For the Hawaii, the newest Virginia-class fast-attack nuclear submarine, the party was a cheerful bon voyage.
After seven years of construction, the $2.5-billion Hawaii -- Electric Boat’s 100th nuclear submarine -- was handed over to the Navy in a chilly dockside ceremony at the company’s Groton shipyard last week, beating the end-of-the-year delivery deadline by nine days.
Company officials heralded the early delivery as a sign that increasingly efficient operations would help drive down construction costs and allow the Navy to order more subs each year.
The Navy aims to buy two submarines a year, at $2 billion apiece. For now, Electric Boat’s parent company, General Dynamics Corp., and Northrop Grumman Newport News split the work on one sub a year. They take turns delivering them.
Electric Boat continues to pare its workforce. This month the company announced plans to cut 1,000 jobs in 2007, which will bring its total workforce down to 8,500. In 2006, it cut 1,442 jobs.
The Hawaii delivery, however, was a day of celebration for Electric Boat and Navy personnel alike, even for longtime company hands such as Richard Smith, 58, who said he has worked on 55 submarines in 30 years, first as a pipe fitter, more lately as a quality control analyst.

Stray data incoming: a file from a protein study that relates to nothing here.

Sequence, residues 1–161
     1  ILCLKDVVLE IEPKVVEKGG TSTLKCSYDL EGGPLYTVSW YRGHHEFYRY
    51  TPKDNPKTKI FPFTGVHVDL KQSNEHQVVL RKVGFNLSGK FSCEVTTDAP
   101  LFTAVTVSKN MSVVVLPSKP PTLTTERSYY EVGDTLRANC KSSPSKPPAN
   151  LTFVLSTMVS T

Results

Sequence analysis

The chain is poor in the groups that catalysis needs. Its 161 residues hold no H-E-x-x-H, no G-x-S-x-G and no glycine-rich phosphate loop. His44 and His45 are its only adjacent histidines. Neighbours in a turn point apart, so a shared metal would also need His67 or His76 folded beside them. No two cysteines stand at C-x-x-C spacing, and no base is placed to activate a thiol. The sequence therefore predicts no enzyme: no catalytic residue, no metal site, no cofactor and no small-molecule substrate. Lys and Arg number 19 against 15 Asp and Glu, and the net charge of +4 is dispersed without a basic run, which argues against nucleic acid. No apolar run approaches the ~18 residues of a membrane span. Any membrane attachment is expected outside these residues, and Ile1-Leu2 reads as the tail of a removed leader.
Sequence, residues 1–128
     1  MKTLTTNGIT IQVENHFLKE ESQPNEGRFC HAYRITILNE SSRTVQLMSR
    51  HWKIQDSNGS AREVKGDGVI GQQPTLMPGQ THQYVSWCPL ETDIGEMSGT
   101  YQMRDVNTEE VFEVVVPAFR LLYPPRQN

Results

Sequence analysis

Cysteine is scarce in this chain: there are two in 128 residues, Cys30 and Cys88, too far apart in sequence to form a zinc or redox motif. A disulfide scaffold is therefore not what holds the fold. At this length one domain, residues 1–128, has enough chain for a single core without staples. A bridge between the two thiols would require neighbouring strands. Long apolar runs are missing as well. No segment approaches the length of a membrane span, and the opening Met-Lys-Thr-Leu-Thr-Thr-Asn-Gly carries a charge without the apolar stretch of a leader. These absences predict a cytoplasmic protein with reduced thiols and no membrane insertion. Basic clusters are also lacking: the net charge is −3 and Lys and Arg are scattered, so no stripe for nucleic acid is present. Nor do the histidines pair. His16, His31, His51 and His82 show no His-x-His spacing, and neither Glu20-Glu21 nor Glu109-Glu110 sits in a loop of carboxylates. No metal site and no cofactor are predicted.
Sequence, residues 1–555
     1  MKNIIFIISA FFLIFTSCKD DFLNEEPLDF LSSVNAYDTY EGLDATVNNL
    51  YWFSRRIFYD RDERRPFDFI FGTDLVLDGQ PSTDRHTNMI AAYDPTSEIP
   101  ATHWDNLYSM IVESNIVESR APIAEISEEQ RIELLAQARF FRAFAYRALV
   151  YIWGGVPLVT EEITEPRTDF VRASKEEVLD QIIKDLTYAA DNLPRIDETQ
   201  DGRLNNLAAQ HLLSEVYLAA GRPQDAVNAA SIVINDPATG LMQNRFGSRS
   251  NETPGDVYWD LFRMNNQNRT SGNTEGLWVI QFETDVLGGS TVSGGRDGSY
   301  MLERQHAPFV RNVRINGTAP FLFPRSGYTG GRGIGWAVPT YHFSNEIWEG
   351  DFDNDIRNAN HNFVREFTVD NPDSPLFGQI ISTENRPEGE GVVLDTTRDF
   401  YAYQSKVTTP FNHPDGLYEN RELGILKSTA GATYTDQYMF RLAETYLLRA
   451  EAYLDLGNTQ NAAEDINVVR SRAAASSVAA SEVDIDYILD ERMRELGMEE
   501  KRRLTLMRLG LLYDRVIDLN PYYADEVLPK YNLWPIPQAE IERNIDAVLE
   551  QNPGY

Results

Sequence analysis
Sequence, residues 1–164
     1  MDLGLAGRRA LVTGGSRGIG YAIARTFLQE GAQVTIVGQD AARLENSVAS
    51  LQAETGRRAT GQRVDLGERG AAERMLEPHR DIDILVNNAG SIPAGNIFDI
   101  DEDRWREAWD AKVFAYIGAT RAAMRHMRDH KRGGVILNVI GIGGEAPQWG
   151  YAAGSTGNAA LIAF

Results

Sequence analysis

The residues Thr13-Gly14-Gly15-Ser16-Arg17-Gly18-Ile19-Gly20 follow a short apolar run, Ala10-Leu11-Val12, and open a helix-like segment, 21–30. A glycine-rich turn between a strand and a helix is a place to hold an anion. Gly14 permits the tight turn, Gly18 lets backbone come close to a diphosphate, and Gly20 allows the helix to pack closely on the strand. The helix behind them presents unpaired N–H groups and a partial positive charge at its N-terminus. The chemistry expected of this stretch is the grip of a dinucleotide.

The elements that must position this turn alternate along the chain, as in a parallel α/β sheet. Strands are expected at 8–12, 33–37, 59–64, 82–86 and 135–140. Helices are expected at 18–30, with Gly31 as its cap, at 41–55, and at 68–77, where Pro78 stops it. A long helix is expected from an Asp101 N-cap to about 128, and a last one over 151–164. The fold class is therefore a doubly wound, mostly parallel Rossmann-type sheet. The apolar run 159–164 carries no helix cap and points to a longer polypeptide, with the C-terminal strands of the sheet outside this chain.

“They’re still fun,” he said as he munched on cake after Navy and company officials signed the document transferring the sub to the military.
The Hawaii, with a crew of up to 130, isn’t expected to begin its assignment to Pearl Harbor until 2008. About another year of sea trials and weapons certification tests lies ahead, as well as final touches back at Electric Boat, said the skipper, Navy Capt. David A. Solms, and company spokesman Bob Hamilton.
Among other things, the Hawaii’s crew will test what Solms called the “lockout trunk,” a new way for Navy SEALs to exit the submarine while it is submerged, he said.
Designed for near-shore, post-Cold-War operations, Virginia-class subs carry out a variety of missions, including covert mine warfare, surveillance, and battling surface ships and other submarines.
The Hawaii is 377 feet long and 34 feet wide, and it can travel at depths greater than 800 feet and at speeds greater than 25 knots (about 29 mph). It carries Tomahawk missiles, torpedoes and mobile mines. In place of a traditional periscope, it has a “photonics mast,” basically a system of pole-mounted cameras that transmits images to a computer display inside the ship’s command center.
Senior Chief Matthew Stewart, who manages the Hawaii’s information technology department and pilots the sub at sea, must stoop farther than most for a sip from the ship’s water fountain, which is near the galley.
At 6-foot-6, he’s the tallest member of the crew.
“I know where the head knocks are,” he said.